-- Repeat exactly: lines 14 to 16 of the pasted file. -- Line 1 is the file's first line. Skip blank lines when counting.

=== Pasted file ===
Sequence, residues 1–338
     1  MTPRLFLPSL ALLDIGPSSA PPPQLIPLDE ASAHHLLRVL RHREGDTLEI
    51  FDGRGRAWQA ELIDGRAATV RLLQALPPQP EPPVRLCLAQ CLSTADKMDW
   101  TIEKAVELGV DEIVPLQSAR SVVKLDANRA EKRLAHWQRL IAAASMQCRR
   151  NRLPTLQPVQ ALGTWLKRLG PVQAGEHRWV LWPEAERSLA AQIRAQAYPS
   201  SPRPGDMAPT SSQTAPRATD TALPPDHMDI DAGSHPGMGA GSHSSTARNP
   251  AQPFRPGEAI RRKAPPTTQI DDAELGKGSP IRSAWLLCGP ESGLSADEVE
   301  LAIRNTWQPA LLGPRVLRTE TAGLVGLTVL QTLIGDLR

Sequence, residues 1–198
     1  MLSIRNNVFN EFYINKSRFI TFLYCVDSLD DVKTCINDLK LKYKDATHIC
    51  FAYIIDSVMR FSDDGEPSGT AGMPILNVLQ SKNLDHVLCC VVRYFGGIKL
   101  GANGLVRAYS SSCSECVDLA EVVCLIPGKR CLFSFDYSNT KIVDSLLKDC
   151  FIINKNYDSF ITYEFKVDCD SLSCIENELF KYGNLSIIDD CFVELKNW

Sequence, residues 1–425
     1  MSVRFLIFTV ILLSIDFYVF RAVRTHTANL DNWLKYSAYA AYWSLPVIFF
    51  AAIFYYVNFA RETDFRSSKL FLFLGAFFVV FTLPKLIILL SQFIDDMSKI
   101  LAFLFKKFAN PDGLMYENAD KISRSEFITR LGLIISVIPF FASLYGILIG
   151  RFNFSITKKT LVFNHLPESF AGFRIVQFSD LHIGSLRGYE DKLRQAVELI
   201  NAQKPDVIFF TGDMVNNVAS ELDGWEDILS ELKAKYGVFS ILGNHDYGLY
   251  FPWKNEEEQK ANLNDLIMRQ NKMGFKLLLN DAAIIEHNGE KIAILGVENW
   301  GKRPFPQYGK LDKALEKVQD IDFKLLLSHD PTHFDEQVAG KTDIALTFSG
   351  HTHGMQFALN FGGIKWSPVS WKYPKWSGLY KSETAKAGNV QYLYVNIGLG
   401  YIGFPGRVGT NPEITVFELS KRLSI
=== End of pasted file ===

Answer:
Sequence, residues 1–425
     1  MSVRFLIFTV ILLSIDFYVF RAVRTHTANL DNWLKYSAYA AYWSLPVIFF
    51  AAIFYYVNFA RETDFRSSKL FLFLGAFFVV FTLPKLIILL SQFIDDMSKI